Leadership is a relational practice, and one that involves an inner strength, that comes from a real connection with yourself, with who you are. I also believe it is a practice that benefits from a deep compassion, for oneself and others. And that is where psychotherapy can help. A therapist won’t teach you how to manage and organise people, but they can help you explore who you really are and to find compassion in this.

So when we look at how step into these big shoes, a psychotherapist may be able to help. The question 'what does psychotherapy actually do?' is rather similar to the question 'what do leaders do?'  

It can be described as some activities and the application of some skills, in particular deep listening, awareness, and a commitment to being present, being authentic. But otherwise it can seem a bit hard to pin down.

In attachment terms we are helping to provide a sense of a secure attachment, a safe container, in which the parts of us that got stuck at different developmental ages can be free to express themselves and to grow. After all, we wouldn’t expect a two year old, or seven year old to be leading a group of adults (even if they have an innate sense of how to control them).

Some of the growing to fit the shoes may involve an exploration of the different parts of yourself, and where you may have younger versions of you being triggered, or taking charge at inopportune moments. It also involves meeting that critical voice, the one that has probably driven you to succeed in the first place, but which now takes you away from moments of confidence and trust. The one that says 'helpful' things like:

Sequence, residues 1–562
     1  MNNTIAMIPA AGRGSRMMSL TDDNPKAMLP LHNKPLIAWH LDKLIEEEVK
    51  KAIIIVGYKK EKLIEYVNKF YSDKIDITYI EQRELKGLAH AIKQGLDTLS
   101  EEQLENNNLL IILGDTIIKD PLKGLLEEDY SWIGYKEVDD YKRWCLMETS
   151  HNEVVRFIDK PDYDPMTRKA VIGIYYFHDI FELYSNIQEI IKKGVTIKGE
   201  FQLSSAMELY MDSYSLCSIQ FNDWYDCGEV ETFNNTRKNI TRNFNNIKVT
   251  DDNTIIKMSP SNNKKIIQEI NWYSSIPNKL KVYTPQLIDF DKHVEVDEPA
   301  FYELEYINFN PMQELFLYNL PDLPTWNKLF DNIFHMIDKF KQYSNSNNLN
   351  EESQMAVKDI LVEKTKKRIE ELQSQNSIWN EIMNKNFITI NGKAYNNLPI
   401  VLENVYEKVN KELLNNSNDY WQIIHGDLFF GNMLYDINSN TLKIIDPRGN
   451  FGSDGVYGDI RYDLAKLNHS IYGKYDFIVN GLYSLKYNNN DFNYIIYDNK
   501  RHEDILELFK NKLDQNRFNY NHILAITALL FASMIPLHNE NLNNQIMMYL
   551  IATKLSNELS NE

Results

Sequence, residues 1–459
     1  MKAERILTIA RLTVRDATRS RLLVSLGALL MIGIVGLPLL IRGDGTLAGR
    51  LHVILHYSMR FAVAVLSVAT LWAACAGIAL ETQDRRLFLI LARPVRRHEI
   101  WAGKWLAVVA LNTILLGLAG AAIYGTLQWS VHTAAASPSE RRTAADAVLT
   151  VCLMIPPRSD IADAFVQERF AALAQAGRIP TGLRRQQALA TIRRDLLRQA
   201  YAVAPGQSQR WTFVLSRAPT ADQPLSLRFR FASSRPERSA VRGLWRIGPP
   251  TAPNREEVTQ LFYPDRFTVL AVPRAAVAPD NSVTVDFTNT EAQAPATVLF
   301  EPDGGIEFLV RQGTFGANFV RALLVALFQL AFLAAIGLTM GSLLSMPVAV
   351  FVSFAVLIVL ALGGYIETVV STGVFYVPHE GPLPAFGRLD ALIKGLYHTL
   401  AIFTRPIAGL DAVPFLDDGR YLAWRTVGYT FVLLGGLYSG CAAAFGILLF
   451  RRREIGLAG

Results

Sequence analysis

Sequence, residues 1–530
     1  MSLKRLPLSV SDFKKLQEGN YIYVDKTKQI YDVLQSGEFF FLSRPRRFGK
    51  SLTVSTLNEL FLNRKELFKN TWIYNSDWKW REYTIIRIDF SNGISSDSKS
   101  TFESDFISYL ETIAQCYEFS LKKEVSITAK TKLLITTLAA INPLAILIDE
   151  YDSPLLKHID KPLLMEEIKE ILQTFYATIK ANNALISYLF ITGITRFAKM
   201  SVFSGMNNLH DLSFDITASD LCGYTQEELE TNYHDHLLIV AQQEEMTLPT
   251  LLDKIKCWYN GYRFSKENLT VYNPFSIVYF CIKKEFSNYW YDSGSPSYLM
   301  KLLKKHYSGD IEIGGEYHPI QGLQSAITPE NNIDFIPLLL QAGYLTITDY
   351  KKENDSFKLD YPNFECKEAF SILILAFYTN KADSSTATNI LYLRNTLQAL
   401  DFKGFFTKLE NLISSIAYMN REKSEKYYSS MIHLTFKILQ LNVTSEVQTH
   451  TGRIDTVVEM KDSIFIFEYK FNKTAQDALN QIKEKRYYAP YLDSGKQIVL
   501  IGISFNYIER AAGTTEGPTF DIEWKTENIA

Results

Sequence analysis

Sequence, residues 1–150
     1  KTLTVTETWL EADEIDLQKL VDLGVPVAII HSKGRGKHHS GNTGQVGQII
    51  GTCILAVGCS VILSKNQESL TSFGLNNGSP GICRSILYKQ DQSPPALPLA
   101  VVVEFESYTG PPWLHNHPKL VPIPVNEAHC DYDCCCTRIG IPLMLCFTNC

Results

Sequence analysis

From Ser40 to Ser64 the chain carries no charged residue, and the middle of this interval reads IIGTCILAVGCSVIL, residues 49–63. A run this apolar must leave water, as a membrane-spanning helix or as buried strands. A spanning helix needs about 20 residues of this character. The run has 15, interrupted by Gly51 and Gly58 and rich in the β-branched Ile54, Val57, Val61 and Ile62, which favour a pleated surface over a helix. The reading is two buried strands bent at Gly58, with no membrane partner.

• You're not worthy
  • You aren’t really a leadership type
  • You aren't good enough
  • You aren't qualified enough
  • You just aren't enough……(add your own particular limitation!)

Much leadership (and sports) coaching is about helping you to get out of your own way, to let your real self shine through, with whatever talent you have.

But as well as growing to fit these shoes, there is also a process of designing the shoes to fit. There isn’t a fixed model of leadership – there are leaders everywhere, in our families, in our communities, in small ways, in big ways. Some leading very visibly from the front, some less visibly inspiring people to act from within the group, providing support and challenge, enabling people to move forward to achieve both their organisational goals and their own potential. The Greenleaf Center calls this servant leadership and describes this approach as: